And then things happened. The business posts a quarterly loss for the first time in sixteen years, and the critics get to have their day while the marketing fans shy away.
Folks who work in Database Marketing departments like to diagnose the reasons why a business is struggling, from a customer standpoint. And when a brand is in Retention Mode, like Starbucks is, folks might look at a very simple set of metrics.
A typical dashboard might look at customers who shopped in a Starbucks store in June, measuring how likely the customers were to repurchase in July. The dashboard compares 2008 performance to similar customers in 2007. Of course, ninety percent of folks tell you "you don't capture every single customer, what about all of those customers paying with cash, customers you cannot track?" Those pundits would rather you do nothing than at least gaining some insight. I vote for gaining some insight.
This is what the a dashboard might look like within a specific market (the data are not representative of Starbucks, and are only presented for illustrative purposes).
|Orders per Buyer||8.341||8.492||-1.8%|
|Items per Order||1.243||1.184||5.0%|
|Price per Item||3.894||3.790||2.7%|
|Average Order Value||4.840||4.487||7.9%|
|All Other Buyers||3,941||4,782||-17.6%|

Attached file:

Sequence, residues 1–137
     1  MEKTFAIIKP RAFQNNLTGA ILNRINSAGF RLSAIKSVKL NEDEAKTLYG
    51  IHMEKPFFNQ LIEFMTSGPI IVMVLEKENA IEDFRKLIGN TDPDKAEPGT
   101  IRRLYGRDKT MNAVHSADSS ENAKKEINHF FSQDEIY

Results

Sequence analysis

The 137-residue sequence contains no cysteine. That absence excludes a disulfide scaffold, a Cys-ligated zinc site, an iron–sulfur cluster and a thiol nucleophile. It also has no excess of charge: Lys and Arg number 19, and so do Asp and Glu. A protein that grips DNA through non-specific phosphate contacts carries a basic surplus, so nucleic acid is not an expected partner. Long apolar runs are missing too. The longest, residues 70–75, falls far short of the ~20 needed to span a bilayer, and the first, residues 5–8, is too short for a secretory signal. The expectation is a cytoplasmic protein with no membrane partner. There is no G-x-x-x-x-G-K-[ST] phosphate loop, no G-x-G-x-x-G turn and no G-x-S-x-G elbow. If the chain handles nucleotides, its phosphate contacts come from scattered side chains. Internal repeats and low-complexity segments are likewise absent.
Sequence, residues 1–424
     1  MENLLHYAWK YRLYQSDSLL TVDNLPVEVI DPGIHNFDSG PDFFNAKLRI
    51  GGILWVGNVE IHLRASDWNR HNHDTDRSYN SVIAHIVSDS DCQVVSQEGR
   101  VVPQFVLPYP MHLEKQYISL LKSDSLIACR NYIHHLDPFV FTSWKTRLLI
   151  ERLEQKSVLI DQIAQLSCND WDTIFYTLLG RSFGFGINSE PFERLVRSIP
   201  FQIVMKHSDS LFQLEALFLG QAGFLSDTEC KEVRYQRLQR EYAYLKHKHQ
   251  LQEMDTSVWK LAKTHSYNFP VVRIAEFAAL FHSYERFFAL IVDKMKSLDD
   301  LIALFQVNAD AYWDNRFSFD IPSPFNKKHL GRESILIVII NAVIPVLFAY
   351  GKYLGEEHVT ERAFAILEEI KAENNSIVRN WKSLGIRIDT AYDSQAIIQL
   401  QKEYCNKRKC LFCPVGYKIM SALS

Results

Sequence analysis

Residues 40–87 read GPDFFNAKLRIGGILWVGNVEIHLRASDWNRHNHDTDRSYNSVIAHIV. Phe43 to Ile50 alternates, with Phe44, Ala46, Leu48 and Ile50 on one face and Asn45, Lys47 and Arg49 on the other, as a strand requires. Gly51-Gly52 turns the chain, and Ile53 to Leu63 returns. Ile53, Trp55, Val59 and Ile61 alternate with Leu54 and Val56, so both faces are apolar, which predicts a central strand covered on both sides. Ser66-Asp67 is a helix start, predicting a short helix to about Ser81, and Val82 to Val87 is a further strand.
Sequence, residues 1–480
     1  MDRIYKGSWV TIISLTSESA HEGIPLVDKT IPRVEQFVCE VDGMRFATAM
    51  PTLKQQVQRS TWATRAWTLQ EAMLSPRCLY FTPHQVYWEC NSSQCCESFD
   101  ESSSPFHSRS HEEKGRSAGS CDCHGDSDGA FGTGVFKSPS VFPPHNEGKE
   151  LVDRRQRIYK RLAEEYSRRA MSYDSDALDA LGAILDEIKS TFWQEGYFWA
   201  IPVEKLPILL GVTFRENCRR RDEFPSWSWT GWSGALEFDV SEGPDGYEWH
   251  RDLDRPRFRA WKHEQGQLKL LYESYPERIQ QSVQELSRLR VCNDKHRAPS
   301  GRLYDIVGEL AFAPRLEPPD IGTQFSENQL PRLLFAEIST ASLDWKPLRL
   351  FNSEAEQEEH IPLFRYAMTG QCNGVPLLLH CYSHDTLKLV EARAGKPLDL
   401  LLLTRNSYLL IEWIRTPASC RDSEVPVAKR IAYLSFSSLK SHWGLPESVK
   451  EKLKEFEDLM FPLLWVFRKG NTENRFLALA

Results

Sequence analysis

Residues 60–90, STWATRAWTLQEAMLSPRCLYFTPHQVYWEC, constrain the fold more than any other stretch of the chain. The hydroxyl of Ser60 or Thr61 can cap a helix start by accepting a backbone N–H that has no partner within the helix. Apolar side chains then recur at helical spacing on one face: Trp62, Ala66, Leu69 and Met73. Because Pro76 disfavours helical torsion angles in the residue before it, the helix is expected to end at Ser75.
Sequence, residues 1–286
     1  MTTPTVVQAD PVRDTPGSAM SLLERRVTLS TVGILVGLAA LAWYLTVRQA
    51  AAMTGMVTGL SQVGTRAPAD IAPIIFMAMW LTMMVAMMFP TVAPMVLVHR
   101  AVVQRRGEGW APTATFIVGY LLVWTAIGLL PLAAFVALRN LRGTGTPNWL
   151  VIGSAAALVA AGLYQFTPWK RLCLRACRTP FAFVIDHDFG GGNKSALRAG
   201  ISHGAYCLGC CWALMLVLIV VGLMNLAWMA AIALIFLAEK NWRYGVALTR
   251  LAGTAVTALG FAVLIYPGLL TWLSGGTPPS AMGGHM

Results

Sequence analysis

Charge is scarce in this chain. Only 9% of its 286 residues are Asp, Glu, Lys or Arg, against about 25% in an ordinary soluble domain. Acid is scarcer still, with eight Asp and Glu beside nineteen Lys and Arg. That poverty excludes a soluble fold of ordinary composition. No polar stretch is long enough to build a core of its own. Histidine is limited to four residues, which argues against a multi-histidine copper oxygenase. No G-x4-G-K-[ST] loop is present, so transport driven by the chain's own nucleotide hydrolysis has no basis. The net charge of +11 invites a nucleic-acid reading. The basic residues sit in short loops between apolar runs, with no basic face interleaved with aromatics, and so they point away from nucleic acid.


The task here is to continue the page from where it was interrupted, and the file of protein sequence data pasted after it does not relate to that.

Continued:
|Orders per Buyer||3.743||3.593||4.2%|
|Items per Order||1.143||1.074||6.4%|
|Price per Item||3.631||3.504||3.6%|
|Average Order Value||4.150||3.763||10.3%|
Assuming you're able to capture the performance of some customers, you get the opportunity to get some level of insight. In this hypothetical case, June customers are less likely to visit the store, but are buying more items and spending more. This kind of simulates the "less traffic" situation you hear about.
Other customers exhibit a similar trend.
More often than not, pundits rip database marketers for making conclusions about customer behavior when not every transaction can be measured. Always remember to clearly state the limitations in the data being presented, but always remember that it is better to present something than to hide behind the crutch that you're not tracking cash customers. And web analytics pros --- you fall into the same boat!!
In no way am I saying that Starbucks does this ... I'm just using their brand for illustrative purposes.
Another tip --- when closing stores, you make strategic choices based on the customer base supporting stores. For instance, given two stores that are equally unprofitable, you kill the store that competes with more stores in the same geographic area. That's kind of a "duh", but, the data exists to make these kind of insights, so you may as well use the data to your advantage. Back in the day at Eddie Bauer, we evaluated every store based on estimated cannibalization rates --- understanding how each store was impacted by neighboring stores.